The “placebo effect” may actually work, according to a study published in the September issue of the American Heart Journal. German researchers who verbally signaled to cardiology patients that they would receive a drug (actually a placebo) to improve symptoms saw improvements in coronary blood flow and vasoconstriction, which made chest pain perception decrease.
“Patients with coronary artery disease often show significant clinical improvements in the placebo groups of randomized controlled trials,” Joram Ronel, MD, of the Technische Universität München in Munich, and colleagues wrote. “The extent to which these improvements are due to psychological effects (“placebo effect”) or can be explained by placebo unrelated factors, such as a regression to the mean or spontaneous improvement, remains unclear.”
While decreases of chest pain perception under placebo conditions have previously been observed, Ronel et al set out to evaluate whether placebo-induced chest pain improvement could be the result of changes in coronary blood flow. To do so, Ronel and colleagues enrolled 30 chest pain patients with normal diagnostic angiograms who were assigned to either the verbal signal (VS) group (15 patients) or a control group (15 patients).
The researchers used changes in the percentage diameter stenosis of the coronary arteries as the study’s primary endpoint.
During the study, patients in the VS group received a standardized verbal signal, implying coronary vasodilation. Patients in the control group did not receive a verbal signal. The researchers also reported changes in hemodynamics, psychological distress and chest pain perception.
Ronel and colleagues reported that verbal signals led to vasoconstriction compared with those in the control group. Changes to mean percentage diameter stenosis were 3.2 percent vs. 1.7 percent, respectively. Changes to mean minimal lumen diameter were 0.18 mm vs. 0.06 mm, respectively.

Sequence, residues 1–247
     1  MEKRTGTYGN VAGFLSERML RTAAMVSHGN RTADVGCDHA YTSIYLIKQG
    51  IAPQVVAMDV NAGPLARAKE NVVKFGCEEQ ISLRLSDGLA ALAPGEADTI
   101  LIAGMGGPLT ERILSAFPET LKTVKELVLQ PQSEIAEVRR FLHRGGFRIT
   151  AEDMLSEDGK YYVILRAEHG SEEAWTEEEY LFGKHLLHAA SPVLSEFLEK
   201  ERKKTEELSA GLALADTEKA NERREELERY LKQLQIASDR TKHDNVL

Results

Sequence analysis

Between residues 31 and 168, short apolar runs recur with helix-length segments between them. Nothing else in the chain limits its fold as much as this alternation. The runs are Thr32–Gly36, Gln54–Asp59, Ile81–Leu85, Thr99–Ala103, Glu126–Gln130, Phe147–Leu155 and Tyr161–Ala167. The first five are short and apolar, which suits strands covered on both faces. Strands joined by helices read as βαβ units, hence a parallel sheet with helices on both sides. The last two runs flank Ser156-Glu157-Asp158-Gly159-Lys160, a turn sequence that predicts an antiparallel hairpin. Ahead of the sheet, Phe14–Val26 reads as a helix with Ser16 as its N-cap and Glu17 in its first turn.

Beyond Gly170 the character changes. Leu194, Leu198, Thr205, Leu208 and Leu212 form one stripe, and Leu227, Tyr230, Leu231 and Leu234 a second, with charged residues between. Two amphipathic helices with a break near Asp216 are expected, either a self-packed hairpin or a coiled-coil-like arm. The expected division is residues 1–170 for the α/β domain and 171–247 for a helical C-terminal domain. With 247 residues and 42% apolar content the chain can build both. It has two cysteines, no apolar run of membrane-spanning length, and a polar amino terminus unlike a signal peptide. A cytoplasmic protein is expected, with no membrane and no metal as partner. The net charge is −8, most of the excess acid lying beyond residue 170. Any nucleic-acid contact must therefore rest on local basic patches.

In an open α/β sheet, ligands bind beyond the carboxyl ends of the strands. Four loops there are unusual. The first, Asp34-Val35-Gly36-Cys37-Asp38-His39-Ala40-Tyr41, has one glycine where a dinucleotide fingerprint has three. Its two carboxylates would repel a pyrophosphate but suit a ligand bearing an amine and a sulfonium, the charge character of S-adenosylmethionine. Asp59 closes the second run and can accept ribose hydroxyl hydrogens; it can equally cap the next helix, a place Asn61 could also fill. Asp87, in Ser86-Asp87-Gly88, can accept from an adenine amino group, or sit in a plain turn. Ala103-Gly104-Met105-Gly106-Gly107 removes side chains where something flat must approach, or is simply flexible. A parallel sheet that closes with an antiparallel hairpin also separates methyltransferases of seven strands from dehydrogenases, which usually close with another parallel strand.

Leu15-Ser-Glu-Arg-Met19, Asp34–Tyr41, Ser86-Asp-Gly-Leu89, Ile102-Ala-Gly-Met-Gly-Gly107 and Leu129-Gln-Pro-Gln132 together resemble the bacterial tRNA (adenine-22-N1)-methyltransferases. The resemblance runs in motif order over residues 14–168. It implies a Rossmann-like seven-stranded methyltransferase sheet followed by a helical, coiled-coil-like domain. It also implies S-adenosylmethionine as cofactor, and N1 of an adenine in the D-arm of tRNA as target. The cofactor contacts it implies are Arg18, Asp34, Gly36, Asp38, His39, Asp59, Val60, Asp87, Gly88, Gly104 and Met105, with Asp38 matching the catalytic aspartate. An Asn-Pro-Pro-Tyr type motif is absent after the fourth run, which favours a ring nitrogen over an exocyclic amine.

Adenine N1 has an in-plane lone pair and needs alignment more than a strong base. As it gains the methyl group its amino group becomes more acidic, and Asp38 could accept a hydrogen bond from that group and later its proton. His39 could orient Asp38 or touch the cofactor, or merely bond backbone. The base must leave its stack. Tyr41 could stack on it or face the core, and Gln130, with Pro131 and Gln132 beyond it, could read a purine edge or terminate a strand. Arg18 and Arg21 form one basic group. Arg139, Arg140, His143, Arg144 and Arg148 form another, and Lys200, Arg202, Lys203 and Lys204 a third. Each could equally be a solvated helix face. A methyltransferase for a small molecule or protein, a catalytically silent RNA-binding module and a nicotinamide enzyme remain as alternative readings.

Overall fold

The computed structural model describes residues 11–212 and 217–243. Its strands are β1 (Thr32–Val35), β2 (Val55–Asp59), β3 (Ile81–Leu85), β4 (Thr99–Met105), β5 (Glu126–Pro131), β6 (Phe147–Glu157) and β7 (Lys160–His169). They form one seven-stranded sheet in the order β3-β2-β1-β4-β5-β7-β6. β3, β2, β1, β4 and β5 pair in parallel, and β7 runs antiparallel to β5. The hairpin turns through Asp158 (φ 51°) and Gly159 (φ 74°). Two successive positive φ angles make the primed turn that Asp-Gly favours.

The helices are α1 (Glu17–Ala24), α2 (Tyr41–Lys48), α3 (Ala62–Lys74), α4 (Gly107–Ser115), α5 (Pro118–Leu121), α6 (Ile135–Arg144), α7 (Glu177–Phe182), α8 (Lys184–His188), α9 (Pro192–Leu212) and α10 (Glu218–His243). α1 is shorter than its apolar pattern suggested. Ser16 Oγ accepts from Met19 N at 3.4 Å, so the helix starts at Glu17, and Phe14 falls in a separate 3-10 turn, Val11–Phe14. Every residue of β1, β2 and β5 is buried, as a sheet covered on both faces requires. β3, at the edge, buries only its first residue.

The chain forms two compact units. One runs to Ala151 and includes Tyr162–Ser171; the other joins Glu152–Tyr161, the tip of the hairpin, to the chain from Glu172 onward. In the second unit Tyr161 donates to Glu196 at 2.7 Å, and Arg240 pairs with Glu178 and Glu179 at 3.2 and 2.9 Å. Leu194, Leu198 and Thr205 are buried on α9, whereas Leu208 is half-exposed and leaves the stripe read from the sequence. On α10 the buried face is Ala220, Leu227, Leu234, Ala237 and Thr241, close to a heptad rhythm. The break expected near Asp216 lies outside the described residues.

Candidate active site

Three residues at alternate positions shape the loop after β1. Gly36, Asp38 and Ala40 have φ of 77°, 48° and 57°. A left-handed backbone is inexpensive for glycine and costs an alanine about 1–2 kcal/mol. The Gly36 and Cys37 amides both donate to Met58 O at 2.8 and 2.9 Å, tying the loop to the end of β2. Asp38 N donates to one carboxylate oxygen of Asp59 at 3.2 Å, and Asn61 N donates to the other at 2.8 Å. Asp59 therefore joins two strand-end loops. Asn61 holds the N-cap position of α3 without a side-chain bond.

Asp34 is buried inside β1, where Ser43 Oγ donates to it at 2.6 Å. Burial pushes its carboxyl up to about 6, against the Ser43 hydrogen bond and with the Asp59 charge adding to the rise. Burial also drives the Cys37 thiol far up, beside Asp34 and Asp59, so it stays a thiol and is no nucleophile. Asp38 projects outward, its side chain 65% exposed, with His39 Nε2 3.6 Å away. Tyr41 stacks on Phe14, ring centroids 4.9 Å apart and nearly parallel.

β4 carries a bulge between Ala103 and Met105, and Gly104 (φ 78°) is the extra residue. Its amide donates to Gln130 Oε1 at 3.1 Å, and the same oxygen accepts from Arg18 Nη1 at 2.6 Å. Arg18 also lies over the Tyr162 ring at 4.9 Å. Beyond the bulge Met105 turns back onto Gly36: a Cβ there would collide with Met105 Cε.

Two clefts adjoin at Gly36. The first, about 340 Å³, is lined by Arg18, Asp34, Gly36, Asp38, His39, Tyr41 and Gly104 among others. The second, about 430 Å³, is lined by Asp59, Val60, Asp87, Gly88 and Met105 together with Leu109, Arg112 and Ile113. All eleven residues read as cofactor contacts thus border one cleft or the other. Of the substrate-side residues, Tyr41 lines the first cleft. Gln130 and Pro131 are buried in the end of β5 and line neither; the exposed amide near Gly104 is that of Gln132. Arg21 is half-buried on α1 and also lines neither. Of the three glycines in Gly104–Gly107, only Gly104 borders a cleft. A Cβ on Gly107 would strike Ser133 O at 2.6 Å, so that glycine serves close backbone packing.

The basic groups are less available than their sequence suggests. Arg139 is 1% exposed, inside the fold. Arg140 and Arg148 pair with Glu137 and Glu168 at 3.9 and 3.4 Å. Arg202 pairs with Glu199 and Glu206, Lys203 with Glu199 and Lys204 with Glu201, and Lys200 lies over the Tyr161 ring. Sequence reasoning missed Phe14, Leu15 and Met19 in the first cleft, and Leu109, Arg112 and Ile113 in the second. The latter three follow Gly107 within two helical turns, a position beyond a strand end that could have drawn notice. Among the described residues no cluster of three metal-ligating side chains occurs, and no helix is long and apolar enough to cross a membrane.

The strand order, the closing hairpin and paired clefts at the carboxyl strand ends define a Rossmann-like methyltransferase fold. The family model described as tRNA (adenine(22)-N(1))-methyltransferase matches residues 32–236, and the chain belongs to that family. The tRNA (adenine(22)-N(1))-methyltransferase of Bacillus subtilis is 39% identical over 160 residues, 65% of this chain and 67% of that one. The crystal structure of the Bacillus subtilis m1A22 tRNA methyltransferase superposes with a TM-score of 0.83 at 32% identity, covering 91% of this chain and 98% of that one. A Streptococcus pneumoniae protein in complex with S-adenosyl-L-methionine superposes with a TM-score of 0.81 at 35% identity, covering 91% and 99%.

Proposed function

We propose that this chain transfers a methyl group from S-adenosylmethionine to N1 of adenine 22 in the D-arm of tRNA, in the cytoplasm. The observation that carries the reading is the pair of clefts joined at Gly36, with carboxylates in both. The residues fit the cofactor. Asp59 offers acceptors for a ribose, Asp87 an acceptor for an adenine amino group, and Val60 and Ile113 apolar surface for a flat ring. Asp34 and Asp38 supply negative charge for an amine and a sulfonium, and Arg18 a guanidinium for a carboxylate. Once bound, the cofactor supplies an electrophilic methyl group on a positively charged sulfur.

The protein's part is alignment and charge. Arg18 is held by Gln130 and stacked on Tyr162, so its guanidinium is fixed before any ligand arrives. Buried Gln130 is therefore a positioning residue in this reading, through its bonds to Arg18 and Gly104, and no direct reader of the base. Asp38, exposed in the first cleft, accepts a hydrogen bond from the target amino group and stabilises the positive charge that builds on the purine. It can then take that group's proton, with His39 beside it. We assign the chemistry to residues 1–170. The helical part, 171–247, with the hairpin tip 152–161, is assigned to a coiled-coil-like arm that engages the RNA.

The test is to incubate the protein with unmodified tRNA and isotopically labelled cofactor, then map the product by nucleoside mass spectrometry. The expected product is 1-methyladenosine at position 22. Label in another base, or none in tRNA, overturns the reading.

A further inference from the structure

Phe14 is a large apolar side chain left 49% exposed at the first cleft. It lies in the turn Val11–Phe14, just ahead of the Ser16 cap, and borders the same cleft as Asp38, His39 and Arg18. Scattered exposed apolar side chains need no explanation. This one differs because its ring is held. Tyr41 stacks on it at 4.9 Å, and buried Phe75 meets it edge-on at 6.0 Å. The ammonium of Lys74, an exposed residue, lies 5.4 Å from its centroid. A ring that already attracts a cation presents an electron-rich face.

The researchers also reported that chest pain perception was reduced in the VS group compared with the control group. Changes in acute psychological distress did not differ between the two groups, the authors reported.
“In terms of changes in the coronary vessel caliber as adjudicated by quantitative coronary angiography, MLD [minimum lumen diameter] decreased significantly, and percentage DS [diameter stenosis] showed a clear trend toward reduction,” the authors wrote.
“Another important finding is the lack of change in hemodynamic parameters during VS, which argues for the specificity of the effect, rather than for the possibility of a systemic stress reaction leading to a constriction of coronary arteries.”
The authors speculated that the decrease in chest pain perception within the VS group may conclude that this chest pain was not of a coronary origin. “The analgesic placebo effect occurred, even though chest pain perception reduction was not explicitly targeted by the VS,” the authors wrote. Ronel et al noted that this placebo effect could have been due to the fact that patients were under the impression coronary drugs can decrease angina symptoms.
“Our results strengthen the view that coronary physiology can directly be influenced by psychosocial impacts, such as VS and expectations. This enforces a paradigmatic broadening in the understanding of coronary regulation,” the authors concluded. “Regarding high utilization of the health system by chest pain or atherosclerotic patients, our findings might be clinically relevant and help to better comprehend the mechanisms of the brain-heart axis.”